Mom? Spencer said tentatively, wondering if her mother had seen the Polaroids, too. Mrs. Hastings turned her head slowly, as though she were moving underwater. Hi, Spence, she said tonelessly. Then she turned back to her tea, staring miserably at the bag steeping at the bottom of the cup.

Spencer bit off the tip of her French-manicured pinkie. On top of everything else, her mom was acting like a zombie…and it was all her fault. If only she hadn’t blurted out the horrible secret Billy-as-A had told her about her family: that her dad had had an affair with Ali’s mother, and that Ali was Spencer’s half sister. If only Billy hadn’t convinced Spencer that her mom knew about the affair and killed Ali to punish her husband. Spencer had confronted her mother, only to discover that her mother hadn’t known—or done—anything. After that, Mrs. Hastings kicked Spencer’s dad out of the house, and then more or less gave up on life entirely.

The familiar click-click-click of heels on the mahogany hall floors rang through the air. Spencer’s sister, Melissa, blustered into the room, surrounded by a cloud of Miss Dior. She wore a pale blue Kate Spade sweater dress and gray kitten heels, and her dark blond hair was pulled back in a gray headband. There was a silver clipboard under her arm and a Montblanc pen behind her right ear.

Hey, Mom! Melissa called brightly, giving her a kiss on the forehead. Then she appraised Spencer, setting her mouth in a straight line. Hey, Spence, she said coolly.

Spencer slumped into the nearest chair. The benevolent, I’m-glad-you’re-alive feelings she and her sister had shared the night Jenna was murdered had lasted exactly twenty-four hours. Now, things were back to status quo, with Melissa blaming Spencer for their family’s ruin, snubbing Spencer every chance she got, and taking on all the home responsibilities like the prissy brownnoser she’d always been.

Melissa lifted the clipboard. I’m going to Fresh Fields for groceries. Want anything special? She spoke to Mrs. Hastings in an overly loud voice, as if she were ninety years old and deaf.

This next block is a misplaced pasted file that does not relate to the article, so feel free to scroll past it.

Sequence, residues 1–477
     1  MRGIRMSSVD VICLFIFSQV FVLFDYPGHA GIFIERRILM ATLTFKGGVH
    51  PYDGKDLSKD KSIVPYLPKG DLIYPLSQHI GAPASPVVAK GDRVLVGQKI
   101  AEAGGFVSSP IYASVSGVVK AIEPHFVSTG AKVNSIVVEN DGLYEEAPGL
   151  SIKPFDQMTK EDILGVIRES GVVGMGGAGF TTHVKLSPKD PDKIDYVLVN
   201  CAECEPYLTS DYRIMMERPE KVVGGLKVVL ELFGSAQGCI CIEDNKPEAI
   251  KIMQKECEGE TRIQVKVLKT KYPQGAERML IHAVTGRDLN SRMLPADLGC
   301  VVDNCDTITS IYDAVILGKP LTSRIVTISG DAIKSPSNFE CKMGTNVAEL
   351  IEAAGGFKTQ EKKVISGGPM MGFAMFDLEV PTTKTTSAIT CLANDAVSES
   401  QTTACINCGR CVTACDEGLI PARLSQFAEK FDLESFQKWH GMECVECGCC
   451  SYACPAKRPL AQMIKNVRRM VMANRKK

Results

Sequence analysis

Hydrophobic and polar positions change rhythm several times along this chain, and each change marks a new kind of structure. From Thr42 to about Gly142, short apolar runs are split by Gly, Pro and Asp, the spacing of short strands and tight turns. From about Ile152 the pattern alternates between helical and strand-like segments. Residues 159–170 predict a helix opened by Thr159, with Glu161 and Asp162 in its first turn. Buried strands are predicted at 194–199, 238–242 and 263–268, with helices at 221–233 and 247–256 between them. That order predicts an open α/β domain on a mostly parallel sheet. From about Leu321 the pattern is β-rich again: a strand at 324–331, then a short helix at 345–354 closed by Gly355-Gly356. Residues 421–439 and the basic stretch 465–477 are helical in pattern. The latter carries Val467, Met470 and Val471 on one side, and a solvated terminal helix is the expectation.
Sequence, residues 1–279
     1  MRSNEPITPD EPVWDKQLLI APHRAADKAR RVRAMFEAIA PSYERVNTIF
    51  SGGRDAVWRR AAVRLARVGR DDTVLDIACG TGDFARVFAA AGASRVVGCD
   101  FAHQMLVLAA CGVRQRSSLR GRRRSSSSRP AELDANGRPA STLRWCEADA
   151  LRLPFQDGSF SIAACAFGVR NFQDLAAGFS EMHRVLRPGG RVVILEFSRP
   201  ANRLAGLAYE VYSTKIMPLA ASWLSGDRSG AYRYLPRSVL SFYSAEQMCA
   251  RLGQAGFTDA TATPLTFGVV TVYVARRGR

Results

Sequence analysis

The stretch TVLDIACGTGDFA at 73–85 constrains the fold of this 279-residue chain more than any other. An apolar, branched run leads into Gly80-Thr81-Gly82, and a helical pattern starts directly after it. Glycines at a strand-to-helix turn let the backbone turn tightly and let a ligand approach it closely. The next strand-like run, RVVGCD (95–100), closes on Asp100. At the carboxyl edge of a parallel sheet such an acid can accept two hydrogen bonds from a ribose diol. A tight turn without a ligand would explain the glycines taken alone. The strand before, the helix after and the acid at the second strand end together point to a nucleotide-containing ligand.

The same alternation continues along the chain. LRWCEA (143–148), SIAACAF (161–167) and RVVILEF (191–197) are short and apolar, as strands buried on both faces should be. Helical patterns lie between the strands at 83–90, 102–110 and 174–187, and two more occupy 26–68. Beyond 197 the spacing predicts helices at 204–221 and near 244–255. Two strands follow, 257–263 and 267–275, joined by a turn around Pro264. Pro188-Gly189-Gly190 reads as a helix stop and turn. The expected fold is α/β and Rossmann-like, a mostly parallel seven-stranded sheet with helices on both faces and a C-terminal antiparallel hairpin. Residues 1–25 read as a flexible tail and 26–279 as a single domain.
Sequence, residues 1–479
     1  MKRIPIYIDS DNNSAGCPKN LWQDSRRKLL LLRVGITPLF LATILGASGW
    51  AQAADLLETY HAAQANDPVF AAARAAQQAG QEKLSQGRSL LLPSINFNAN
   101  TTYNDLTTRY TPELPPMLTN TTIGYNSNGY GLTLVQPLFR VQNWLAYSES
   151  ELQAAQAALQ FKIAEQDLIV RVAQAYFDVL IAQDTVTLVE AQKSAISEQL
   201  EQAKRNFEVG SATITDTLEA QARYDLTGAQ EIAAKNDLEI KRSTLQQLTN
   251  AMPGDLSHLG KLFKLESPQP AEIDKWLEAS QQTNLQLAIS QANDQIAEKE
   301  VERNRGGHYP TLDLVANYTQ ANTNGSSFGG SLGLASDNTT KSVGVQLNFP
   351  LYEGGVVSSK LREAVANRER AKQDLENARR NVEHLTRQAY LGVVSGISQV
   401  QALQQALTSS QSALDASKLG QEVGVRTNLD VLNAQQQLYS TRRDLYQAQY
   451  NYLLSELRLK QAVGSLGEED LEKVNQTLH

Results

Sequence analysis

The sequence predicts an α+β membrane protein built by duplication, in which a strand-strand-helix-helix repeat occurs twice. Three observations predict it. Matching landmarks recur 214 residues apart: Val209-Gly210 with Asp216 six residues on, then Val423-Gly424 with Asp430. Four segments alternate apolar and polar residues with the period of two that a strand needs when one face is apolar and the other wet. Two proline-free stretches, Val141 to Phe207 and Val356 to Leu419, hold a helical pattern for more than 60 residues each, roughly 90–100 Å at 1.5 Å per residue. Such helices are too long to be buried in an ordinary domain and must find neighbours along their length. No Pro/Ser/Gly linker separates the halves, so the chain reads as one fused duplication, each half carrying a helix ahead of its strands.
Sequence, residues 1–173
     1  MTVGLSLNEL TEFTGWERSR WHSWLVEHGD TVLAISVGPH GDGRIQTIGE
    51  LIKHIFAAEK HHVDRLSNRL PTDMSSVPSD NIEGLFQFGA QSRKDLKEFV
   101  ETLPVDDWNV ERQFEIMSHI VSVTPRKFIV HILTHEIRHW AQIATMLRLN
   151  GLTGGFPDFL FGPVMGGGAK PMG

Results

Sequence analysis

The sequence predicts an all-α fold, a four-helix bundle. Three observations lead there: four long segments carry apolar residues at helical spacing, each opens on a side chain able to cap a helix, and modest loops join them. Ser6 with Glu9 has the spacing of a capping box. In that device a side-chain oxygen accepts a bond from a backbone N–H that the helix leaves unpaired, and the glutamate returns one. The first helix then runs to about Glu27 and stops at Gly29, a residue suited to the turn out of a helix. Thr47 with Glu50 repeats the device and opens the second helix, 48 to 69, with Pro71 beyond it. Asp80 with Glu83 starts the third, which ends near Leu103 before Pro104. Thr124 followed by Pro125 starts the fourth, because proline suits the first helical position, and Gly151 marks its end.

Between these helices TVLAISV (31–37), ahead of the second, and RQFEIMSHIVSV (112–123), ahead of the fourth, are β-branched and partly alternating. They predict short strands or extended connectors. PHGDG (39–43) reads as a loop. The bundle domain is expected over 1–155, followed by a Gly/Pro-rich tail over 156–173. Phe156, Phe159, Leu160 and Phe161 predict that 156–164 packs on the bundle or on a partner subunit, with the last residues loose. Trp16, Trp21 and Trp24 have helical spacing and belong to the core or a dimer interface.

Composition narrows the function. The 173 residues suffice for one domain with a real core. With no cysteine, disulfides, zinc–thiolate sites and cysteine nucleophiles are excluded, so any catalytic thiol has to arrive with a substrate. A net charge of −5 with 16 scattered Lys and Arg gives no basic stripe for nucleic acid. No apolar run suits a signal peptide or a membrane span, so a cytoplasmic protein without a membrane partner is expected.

Oh, I don’t know, Mrs. Hastings said morosely. She stared into her open palms as if they contained great wisdom. It doesn’t really matter, does it? We eat the food, and then it’s gone, and then we’re hungry again. At that, she stood up, sighed loudly, and shuffled up the stairs to her bedroom.

Melissa’s lip twitched. The clipboard knocked against her hip. She glanced over at Spencer, her eyes narrowing. Look what you’ve done, her expression screamed.

Spencer stared out the long line of windows that faced the backyard. Sheets of pale blue ice glistened on the back walkway. Pointed icicles hung from the singed trees. The family’s old barn was a heap of black wood and ash, ruined from the fire. The windmill was still in pieces, the word LIAR scrawled on the base.

Tears rushed to Spencer’s eyes. Whenever she looked at her backyard, she had to resist the urge to run upstairs, curl up under her bed, and shut the door. Things had been great between Spencer and her parents before she exposed the affair—for once. But Spencer now felt the same way she did when she first tasted homemade cappuccino ice cream from the Creamery in Hollis—after just one lick, she had to eat the whole cone. After a taste of what a decent, loving family was like, she couldn’t go back to dysfunction and neglect.

The television continued to blare, a picture of Ali filling the screen. Melissa paused to listen for a moment as the reporter walked through the timeline of the murder.